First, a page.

Chronic Nanoparticulate Silver Exposure Results in Tissue Accumulation and Transcriptomic Changes in Zebrafish

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Coastal Sciences, Gulf Coast Research Laboratory


Increasing utilization of metallic nanomaterials in recent years implies an increasing rate of release to the environment, with potentially serious adverse effects on environmentally important species. Previously, we demonstrated that exposure to nanoparticulate silver for 24–48 h results in dramatic alterations in global gene expression patterns and increased tissue burdens in zebrafish gills. The present study reports outcomes associated with chronic exposure to nanoparticulate silver in zebrafish. Adult female Danio rerio were exposed to 5, 15, 25, or 50 μg/L nanoparticulate silver in a time course up to 28 days. A soluble silver treatment (5 μg/L) was also included. Results indicate that use of flow-through systems for chronic nanometal studies is a viable concept; measured concentrations of approximately 60% of nominal values over the course of the 28-day exposure were observed. Dissolution of nanoparticulate silver was measured twice weekly throughout the exposure ranging between 0.5 and 1.0 μg/L, and was relatively consistent between nanoparticulate silver tanks, with no differences between treatments. Gill samples from the 28-day time point were analyzed for global gene expression patterns and histopathology. Tissue accumulation in both gill and eviscerated carcass was dose-dependent, and remained elevated 4 days after the silver was removed. Microarray analysis also revealed a dose-dependent response pattern, with the largest number of genes affected in the 50 μg/L AgNP exposure. Pathway analysis of affected genes identified a number of GO terms that were significantly over-represented in the high AgNP dataset. These terms are associated with DNA damage repair, cellular restructuring, and developmental processes.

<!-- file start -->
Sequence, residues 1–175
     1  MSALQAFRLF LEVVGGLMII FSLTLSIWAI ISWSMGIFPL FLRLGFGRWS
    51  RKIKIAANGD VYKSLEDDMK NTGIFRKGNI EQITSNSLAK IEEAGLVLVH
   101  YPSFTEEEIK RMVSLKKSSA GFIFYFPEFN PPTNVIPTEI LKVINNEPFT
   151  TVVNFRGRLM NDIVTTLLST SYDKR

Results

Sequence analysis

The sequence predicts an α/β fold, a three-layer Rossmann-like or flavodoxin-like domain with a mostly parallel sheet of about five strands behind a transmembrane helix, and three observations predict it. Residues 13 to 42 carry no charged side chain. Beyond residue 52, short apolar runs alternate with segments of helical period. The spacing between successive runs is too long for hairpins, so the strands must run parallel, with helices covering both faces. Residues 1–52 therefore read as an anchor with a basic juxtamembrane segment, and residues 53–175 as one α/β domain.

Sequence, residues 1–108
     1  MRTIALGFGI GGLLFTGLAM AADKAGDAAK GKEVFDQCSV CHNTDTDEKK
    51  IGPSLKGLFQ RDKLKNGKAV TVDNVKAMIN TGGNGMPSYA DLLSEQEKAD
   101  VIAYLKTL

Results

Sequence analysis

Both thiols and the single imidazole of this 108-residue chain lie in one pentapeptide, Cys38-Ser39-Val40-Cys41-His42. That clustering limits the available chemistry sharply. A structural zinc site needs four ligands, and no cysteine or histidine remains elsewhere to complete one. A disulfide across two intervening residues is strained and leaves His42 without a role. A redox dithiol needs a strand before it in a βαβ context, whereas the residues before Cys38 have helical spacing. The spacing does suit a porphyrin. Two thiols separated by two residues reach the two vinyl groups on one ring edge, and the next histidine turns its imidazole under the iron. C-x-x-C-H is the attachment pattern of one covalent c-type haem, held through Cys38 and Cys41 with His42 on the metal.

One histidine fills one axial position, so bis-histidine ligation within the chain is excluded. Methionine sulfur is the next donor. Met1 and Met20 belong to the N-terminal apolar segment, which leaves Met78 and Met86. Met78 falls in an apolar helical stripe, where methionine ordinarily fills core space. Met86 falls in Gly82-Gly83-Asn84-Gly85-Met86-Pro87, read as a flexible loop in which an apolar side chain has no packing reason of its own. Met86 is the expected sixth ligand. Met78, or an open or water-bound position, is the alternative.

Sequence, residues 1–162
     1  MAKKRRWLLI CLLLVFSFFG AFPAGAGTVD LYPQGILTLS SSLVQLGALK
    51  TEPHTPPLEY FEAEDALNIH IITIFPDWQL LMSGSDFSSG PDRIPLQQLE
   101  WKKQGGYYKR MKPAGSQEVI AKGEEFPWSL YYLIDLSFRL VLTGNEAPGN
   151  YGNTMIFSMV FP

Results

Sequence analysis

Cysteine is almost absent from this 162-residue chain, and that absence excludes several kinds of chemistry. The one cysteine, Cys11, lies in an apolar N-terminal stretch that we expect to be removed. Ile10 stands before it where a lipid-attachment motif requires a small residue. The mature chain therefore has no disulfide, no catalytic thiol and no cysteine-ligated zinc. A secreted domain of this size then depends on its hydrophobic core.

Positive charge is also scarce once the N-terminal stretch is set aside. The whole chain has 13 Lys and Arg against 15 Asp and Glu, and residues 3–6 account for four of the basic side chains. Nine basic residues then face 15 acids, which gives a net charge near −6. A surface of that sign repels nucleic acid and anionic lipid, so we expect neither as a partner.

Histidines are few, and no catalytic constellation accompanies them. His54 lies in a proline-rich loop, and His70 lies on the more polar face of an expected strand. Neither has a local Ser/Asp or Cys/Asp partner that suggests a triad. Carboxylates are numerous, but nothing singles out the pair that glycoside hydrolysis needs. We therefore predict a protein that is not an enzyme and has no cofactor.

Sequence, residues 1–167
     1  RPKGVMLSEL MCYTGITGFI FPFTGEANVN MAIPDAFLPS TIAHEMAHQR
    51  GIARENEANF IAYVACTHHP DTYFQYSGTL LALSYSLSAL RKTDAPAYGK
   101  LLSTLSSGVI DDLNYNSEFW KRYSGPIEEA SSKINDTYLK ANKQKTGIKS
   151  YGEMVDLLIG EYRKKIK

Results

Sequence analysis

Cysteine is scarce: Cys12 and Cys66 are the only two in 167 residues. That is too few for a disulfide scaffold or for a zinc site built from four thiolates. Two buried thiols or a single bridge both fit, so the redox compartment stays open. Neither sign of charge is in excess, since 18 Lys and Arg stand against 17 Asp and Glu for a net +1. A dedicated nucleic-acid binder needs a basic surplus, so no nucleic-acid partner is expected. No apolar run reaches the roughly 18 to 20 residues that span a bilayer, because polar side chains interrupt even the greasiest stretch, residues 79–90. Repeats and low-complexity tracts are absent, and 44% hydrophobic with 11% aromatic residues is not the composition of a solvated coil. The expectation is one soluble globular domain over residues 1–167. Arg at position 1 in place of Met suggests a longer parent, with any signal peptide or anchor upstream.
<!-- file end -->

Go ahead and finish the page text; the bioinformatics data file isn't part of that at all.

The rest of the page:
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Aquatic Toxicology



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